Cheaper at the Doctor’s Office

I came across this interesting article on a study that shows chemo costs less in doctor’s offices.

Chemotherapy Treatment in Hospitals Costs 24% more than Treatment in Physician’s Offices

The study found that care for patients treated in a physician’s office is less expensive regardless of the length of the chemotherapy duration. The average chemotherapy treatment lasted 3.8 months for patients treated in a physician’s office versus 3.4 months for patients treated in a hospital outpatient setting. For chemotherapy therapy lasting only one month, patients treated in a hospital outpatient setting cost 28 percent more than patients managed in a physician’s office. For patients receiving a full 12 months of chemotherapy, hospital outpatient care costs 53 percent more than in the physician office-based setting. These results are adjusted for the effect of age, sex, and prior history of cancer, but do not reflect other patient acuity factors that could influence total costs of care.

Our study documents that chemotherapy treatment in an oncologist’s office costs less than in a hospital regardless of the length of treatment,” said Eric Hammelman, Avalere vice president and a study author. “At a time when the healthcare community is focused on managing costs, these findings show the importance of where care is delivered, and raise important questions about how best to manage cancer treatment.”

Click here for more info.

This is good news for the private payers and for the physician’s offices offering chemotherapy treatments. For the patients, there are certainly advantages to having treatments done at their physician’s offices. Most patients like the ‘cozy” environment with familiar faces and in certain places, free parking or infusion services conveniently and easily accessible is a plus. A lot of physician’s offices offering infusion services like chemotherapy or biologic infusions have designated an area in their offices for this purpose. Many have installed flat screen TV’s, free wi-fi , provide comfortable reclining chairs and delicious snacks. The infusion/chemotherapy services are provided by experienced and credentialed chemo/infusion registered nurses and the office is equipped with hoods for proper preparation of chemotherapy agents.

Aside from chemotherapy, infusion services at physician’s offices is growing because of the newer biologic agents indicated for autoimmune disorders like rheumatoid arthritis, psoriatic arthritis, gout, ulcerative colitis, Crohn’s disease, multiple sclerosis, to name a few.  The study above focused on chemotherapy, but perhaps the same might be true for these non-chemo infusions, who knows.

I was glad to know that the cost to private insurance payers is less in doctor’s offices than the hospitals. This might encourage more patients to use the services at their physician’s offices. The question now is do the doctor’s offices make a profit? I would think they do in order to continue to provide this service to their patients. I don’t think they do this just because the patients prefer to come to their offices for infusions…. 🙂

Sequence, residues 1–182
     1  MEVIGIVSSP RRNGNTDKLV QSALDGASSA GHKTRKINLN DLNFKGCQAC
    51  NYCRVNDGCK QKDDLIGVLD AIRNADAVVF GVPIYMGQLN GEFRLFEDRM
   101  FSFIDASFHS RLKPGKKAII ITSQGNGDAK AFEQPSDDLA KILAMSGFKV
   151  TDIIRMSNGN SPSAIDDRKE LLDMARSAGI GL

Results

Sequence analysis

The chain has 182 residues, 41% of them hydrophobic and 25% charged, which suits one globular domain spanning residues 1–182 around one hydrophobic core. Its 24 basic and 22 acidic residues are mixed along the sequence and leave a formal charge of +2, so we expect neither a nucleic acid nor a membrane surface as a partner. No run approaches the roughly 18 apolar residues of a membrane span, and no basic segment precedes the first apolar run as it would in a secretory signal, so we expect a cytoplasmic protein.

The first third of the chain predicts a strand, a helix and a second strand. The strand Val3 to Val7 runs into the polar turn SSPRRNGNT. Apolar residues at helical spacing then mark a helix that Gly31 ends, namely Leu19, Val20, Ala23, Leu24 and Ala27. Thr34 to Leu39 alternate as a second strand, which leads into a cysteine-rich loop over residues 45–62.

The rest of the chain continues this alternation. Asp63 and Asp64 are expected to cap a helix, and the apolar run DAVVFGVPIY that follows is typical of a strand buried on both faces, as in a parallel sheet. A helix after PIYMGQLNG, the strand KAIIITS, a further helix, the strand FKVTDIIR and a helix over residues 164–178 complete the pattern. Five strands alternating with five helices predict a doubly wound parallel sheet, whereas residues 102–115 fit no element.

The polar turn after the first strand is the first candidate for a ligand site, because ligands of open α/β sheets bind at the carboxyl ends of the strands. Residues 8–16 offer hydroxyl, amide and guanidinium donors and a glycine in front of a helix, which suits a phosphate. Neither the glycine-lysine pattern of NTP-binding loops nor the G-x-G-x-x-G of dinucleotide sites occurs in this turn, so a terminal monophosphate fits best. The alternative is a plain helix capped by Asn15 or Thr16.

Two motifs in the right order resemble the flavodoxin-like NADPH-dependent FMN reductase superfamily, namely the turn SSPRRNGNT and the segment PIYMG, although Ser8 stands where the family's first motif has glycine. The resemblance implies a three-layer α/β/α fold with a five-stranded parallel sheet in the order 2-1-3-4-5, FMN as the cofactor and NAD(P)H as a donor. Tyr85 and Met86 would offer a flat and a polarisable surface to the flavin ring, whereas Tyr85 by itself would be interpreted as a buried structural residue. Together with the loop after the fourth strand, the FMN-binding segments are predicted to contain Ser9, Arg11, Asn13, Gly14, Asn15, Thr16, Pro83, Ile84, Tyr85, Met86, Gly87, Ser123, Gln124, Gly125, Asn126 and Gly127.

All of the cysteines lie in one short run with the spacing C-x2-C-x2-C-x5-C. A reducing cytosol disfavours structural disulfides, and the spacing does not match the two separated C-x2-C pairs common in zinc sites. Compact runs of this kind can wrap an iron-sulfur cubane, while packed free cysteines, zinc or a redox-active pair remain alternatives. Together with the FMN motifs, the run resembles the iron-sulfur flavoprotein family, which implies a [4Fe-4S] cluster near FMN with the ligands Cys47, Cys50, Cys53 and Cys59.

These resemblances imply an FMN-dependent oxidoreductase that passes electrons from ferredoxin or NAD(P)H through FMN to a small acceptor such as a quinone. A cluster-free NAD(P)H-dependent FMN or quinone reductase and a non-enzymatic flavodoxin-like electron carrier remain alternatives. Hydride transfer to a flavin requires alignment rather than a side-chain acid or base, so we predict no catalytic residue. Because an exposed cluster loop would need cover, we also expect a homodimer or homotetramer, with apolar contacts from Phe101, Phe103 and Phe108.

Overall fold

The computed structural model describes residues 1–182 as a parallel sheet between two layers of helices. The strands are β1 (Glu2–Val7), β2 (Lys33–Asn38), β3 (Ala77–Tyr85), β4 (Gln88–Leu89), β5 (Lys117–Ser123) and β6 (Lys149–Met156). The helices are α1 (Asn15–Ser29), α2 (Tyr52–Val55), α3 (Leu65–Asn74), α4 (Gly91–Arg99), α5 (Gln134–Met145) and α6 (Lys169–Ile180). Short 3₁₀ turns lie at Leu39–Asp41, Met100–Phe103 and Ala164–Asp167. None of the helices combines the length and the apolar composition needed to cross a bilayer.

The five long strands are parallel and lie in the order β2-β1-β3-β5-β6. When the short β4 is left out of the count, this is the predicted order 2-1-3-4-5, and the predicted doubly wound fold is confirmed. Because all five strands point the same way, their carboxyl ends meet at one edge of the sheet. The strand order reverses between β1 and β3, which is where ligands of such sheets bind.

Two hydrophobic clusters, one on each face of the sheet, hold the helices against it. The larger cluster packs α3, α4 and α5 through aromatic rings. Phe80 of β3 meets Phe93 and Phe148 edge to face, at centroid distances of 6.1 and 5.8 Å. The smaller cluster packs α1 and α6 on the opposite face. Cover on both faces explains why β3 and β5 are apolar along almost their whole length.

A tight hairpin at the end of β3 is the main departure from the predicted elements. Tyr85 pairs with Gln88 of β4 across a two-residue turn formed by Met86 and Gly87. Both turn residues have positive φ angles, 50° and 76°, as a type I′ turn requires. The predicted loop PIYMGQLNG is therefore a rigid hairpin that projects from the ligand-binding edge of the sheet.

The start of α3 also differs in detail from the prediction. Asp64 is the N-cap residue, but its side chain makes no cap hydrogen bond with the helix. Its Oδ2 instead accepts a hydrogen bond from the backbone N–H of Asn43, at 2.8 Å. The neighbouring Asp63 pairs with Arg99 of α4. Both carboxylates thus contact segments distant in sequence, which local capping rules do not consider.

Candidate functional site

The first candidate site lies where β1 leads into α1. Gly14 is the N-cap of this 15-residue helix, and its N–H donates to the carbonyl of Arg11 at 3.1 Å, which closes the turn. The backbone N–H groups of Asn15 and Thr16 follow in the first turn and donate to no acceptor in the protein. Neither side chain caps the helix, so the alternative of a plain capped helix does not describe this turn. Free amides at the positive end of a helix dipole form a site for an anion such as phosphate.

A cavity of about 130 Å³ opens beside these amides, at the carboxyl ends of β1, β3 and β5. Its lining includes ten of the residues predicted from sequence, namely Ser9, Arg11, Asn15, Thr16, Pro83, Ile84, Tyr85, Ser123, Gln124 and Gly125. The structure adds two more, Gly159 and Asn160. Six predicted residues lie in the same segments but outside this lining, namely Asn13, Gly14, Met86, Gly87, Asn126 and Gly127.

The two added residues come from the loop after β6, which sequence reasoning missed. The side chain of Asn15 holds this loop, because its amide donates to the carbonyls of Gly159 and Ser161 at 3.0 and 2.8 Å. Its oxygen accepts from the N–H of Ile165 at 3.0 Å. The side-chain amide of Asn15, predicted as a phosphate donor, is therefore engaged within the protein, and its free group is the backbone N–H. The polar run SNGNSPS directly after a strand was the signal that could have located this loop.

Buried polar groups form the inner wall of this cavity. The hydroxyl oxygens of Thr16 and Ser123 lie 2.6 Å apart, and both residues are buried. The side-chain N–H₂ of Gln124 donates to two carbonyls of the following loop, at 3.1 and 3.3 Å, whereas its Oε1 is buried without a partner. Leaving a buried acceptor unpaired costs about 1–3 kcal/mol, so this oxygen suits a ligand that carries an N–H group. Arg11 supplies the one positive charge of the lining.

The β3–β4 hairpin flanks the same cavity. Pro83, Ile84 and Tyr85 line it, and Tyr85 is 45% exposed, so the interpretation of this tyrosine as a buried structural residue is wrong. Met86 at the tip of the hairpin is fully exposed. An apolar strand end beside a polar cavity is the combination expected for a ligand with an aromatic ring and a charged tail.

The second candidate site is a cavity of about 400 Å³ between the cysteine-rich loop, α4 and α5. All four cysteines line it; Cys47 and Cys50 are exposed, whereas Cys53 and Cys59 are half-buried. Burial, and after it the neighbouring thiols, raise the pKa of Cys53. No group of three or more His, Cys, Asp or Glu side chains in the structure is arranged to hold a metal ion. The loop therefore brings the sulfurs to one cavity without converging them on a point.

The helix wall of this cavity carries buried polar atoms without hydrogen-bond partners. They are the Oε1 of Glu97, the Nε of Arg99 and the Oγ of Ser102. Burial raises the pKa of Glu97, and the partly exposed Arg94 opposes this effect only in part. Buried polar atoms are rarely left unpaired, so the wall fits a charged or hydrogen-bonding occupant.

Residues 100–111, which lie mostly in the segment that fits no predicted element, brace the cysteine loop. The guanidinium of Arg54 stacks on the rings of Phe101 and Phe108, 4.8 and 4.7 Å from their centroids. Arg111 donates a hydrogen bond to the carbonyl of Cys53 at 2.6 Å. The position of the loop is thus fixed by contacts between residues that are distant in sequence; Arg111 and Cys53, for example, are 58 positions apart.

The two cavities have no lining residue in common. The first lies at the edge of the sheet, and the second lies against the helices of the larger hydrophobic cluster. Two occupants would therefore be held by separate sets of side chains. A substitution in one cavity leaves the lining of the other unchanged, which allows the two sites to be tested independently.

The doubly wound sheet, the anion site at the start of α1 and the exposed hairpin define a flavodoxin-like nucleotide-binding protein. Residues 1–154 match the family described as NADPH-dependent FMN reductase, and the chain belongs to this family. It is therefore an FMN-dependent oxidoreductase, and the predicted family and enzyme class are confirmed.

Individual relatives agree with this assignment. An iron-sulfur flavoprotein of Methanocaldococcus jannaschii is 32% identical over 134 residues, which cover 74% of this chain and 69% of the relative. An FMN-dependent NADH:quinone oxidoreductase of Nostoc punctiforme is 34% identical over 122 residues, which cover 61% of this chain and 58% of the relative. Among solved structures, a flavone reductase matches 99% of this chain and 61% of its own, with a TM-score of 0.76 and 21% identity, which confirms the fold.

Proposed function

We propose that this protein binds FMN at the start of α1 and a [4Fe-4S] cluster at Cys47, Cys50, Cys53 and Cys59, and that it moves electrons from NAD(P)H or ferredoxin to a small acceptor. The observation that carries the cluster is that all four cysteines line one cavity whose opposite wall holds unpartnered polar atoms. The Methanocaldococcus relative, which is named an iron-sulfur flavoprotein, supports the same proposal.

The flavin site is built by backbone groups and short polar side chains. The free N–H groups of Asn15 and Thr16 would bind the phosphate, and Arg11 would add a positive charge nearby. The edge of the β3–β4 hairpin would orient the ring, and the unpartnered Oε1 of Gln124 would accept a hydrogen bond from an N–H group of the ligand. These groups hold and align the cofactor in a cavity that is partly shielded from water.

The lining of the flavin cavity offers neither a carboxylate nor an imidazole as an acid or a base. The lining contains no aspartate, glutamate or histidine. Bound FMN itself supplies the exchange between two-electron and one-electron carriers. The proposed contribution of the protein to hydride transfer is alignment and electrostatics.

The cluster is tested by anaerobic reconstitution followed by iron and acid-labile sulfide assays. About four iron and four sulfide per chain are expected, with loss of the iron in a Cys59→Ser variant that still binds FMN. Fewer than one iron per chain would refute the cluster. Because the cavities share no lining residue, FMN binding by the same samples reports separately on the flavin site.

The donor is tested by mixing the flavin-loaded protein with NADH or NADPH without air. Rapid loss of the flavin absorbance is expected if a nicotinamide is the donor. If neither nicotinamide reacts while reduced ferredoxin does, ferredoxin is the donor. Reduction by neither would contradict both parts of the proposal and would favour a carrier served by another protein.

2 thoughts on “Cheaper at the Doctor’s Office

  1. One of the reasons they can contain costs is that, at least in California, physician’s offices do not have any regulation. Their practices go unchecked. Not all physician offices employ experts in the field of infusion therapy or vascular access. We see some concerning things and hear some disturbing practices from the patients that end up being hospitalized. The oncology and infusion nurses have expressed their concerns to these physicians but it seems to fall on deaf ears. I don’t know of a way for patients to decide if their treatments are being delivered safely with no regulations in place.

    • There are regulations for physician’s offices-the same ones that apply to other healthcare settings. I agree that no one enforces or checks the offices for compliance (such as infection control, among others). In your state (CA), there are statements regarding medical assistants and IV therapy. Medical assistants are not allowed to perform such invasive procedures as: placing the needle or starting and disconnecting the infusion tube of an IV. administering medications or injections into the IV line.

      Although there are statements such as the above, there are still physicians who utilize untrained and unlicensed personnel to do IV therapy in their offices – which is a responsibility and a risk I hope they know they are taking.

      Unfortunately, not all patients can identify the difference between an real”RN” and a medical assistant, who introduce themselves to patients as “nurse”.

      Thank you for your comments.

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